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Confessions of a Crap Artist (Vintage) (Englisch) Taschenbuch – 30. Juni 1992

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Taschenbuch, 30. Juni 1992
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Produktinformation

Produktbeschreibungen

Pressestimmen

"One of the most original practitioners writing any kind of fiction." -- The Sunday Times (London)

"Dick is entertaining us about reality and madness, time and death, sin and salvation.... We have our own homegrown Barges."-- Ursula K. LeGuin, New Republic

"Philip K. Dick's best books always describe a future that is both entirely recognizable and utterly unimaginable? -- The New York Times Book Review

Synopsis

Jack Isidore, a young man living with his sister and her family in California, joins a UFO group that believes the world will end on April 23, 1959.

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Format: Taschenbuch
While Confessions of A Crap Artist is constantly reffered to as one of Dick's mainstream novels, it deals with many of the same issues tackled by his science fiction.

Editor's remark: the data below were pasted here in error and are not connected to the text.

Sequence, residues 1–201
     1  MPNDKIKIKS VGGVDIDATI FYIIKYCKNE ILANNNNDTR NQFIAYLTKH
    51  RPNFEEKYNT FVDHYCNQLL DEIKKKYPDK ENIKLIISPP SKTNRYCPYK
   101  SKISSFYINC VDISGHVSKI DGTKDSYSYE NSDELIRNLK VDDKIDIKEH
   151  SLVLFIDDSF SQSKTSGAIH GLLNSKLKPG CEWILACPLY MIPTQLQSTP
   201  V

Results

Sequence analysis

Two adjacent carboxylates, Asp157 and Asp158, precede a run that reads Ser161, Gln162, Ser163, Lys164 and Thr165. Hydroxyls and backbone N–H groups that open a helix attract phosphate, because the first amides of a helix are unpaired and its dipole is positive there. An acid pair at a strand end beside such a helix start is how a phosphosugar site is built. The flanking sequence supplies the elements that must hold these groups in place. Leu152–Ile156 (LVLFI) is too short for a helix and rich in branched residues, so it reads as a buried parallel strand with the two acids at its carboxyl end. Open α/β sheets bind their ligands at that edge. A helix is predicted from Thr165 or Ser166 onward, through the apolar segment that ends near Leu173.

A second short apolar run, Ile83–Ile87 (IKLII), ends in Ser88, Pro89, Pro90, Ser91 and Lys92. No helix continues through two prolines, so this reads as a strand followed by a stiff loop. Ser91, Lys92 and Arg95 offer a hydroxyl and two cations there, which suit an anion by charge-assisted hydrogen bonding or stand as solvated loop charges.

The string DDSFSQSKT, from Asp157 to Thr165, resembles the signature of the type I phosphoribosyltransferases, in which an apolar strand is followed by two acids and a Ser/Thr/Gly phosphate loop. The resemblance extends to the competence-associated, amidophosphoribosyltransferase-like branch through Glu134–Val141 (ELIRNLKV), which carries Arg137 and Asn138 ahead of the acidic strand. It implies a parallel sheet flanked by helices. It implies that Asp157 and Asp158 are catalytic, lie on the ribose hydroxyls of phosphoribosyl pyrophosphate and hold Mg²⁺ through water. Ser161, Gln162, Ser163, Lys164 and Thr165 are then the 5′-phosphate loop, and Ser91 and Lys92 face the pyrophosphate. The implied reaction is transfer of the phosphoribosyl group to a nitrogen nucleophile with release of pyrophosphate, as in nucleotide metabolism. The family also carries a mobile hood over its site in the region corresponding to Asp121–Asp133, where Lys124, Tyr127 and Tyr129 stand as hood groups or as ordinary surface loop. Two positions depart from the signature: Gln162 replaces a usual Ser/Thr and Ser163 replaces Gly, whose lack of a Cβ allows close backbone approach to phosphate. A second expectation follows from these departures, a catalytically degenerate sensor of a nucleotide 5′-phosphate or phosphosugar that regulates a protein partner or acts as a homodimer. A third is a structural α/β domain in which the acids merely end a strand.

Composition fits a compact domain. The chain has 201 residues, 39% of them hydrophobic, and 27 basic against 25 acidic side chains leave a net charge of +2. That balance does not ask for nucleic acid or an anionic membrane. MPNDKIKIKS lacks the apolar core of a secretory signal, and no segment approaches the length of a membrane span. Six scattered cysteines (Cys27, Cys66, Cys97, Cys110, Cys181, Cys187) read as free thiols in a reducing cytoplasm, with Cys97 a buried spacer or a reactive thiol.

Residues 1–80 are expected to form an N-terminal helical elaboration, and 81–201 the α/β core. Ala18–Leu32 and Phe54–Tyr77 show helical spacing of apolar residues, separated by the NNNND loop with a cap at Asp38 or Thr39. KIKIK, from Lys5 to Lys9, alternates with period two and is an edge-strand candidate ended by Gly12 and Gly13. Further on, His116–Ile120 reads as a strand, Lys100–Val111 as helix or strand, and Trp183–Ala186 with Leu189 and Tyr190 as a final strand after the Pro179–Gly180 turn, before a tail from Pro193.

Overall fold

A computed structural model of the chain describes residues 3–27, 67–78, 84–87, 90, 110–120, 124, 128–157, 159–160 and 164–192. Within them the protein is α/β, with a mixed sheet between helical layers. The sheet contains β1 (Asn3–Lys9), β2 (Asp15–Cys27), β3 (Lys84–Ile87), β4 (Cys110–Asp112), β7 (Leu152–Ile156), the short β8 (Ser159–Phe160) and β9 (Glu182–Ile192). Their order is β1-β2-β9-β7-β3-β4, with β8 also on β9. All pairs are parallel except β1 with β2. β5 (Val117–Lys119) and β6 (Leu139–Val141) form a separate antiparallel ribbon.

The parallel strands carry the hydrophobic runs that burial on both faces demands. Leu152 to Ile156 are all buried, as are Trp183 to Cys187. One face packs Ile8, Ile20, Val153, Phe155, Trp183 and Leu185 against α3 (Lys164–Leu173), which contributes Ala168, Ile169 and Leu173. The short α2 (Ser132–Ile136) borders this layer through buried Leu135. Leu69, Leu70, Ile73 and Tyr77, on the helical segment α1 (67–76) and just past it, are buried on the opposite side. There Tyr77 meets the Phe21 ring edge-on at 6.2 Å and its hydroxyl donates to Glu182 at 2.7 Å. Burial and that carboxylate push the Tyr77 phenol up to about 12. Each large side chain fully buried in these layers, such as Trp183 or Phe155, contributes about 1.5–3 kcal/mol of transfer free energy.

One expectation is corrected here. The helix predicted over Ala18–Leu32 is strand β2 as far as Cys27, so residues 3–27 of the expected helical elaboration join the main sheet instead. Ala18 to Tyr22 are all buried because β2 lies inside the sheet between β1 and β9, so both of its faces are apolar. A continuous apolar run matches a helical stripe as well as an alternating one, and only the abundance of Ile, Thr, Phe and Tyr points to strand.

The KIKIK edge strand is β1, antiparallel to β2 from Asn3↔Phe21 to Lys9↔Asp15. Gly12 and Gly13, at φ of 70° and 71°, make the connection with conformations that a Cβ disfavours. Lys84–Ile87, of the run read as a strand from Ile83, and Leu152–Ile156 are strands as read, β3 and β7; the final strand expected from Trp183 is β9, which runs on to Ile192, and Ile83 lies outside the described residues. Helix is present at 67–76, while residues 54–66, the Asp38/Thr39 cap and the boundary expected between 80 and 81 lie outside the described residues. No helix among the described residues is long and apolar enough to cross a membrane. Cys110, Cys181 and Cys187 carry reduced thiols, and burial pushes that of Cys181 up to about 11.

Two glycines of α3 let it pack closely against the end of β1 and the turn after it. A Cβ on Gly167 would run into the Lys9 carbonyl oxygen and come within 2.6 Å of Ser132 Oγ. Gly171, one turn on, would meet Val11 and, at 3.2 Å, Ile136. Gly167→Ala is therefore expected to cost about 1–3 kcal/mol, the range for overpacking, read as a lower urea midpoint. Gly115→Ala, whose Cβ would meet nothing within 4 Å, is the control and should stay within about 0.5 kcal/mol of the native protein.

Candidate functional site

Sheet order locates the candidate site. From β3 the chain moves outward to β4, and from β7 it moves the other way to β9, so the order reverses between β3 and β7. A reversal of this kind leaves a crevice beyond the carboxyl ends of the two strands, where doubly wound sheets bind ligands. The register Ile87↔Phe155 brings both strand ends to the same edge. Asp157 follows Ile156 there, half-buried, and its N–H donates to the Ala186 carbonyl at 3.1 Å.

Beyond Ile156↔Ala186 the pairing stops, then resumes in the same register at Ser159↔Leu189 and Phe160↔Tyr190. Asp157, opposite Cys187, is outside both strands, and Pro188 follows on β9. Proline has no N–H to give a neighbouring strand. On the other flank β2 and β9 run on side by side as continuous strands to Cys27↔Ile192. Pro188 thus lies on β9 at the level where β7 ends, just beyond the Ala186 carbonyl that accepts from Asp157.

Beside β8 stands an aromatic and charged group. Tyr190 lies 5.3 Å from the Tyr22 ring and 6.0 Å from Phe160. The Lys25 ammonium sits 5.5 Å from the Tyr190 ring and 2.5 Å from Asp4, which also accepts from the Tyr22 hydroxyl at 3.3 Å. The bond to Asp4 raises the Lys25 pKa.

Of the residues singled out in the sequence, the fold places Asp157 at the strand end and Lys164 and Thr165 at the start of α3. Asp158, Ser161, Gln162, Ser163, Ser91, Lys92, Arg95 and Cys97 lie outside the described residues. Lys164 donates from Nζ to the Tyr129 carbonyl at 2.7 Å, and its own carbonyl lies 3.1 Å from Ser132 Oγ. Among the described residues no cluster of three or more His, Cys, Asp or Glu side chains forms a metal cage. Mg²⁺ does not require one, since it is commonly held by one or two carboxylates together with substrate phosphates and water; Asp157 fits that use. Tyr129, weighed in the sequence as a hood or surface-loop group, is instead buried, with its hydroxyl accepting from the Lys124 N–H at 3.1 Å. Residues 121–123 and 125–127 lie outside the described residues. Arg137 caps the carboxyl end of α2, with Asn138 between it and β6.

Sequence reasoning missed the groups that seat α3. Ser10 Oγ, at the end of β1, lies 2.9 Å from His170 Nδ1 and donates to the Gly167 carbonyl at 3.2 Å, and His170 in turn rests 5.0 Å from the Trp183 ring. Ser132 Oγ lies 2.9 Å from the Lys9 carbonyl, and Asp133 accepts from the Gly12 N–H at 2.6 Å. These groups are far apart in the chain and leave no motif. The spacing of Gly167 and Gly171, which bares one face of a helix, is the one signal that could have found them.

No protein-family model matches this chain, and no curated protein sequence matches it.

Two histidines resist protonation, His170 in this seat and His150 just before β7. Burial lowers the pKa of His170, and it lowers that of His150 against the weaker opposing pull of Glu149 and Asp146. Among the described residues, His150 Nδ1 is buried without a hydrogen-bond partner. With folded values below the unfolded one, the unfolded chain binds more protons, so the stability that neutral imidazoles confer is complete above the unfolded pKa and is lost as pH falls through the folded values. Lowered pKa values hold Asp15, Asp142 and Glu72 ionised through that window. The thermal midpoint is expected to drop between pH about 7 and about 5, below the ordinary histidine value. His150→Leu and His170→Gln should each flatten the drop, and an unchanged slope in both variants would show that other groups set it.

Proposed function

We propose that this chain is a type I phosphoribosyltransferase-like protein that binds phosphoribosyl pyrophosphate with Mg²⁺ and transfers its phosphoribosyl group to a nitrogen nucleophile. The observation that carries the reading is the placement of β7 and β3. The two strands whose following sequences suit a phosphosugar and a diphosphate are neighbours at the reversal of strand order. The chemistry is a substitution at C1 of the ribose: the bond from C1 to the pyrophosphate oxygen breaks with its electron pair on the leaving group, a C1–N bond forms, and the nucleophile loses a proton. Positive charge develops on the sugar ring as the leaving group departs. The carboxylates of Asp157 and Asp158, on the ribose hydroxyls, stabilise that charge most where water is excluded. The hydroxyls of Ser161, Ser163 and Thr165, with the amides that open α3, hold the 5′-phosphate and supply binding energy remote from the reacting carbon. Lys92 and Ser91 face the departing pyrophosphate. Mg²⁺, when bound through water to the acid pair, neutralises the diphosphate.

His characters are perhaps more well developed here than in some of his earlier science fiction novels, but they are similar to characters you might find in any (and all) his works. Dick dwells on issues of alienation, inter-personal struggles between dominant and submisive personality types and the huge gaps in understanding between people who otherwise would be thought to be quite close to each other.
This is one of his more powerfull works as far as exploration of these issues goes, and I would recomend it to any PKD fan.
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Format: Taschenbuch
There are no aliens or time travel in this novel, but that doesn't mean this book isn't without Dickian genius. In _Confessions_, Dick uses multiple POVs -- two first-person (by Jack and Fay) and two third-person narrations (in the minds of Charlie and Nate) -- and does it without even telling us (unlike Faulkner in As I Lay Dying). In the beginning it sort of comes as a shock, but you get used to it quite nicely, and Dick does a good job of sticking to the voice.
As far as the plot was concerned, it's nothing like Dick's sci-fi novels -- fairly straightforward, even simplistic, you might say: the story of Jack, the brother of Fay, who stays with Fay and Charlie and gradually learns that maybe he isn't so bad off after all compared to these "sane" people. I think the ending comes a little too quickly and easily, but overall, it's a solid effort.
After having read now about ten Dick novels, I think it can be safely said that he was no real fan of women. I believe Dick's women by and large tend to be deceptive, nasty creatures, Fay being perhaps the worst of the lot.
- SJW
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Von Ein Kunde am 6. Mai 1997
Format: Taschenbuch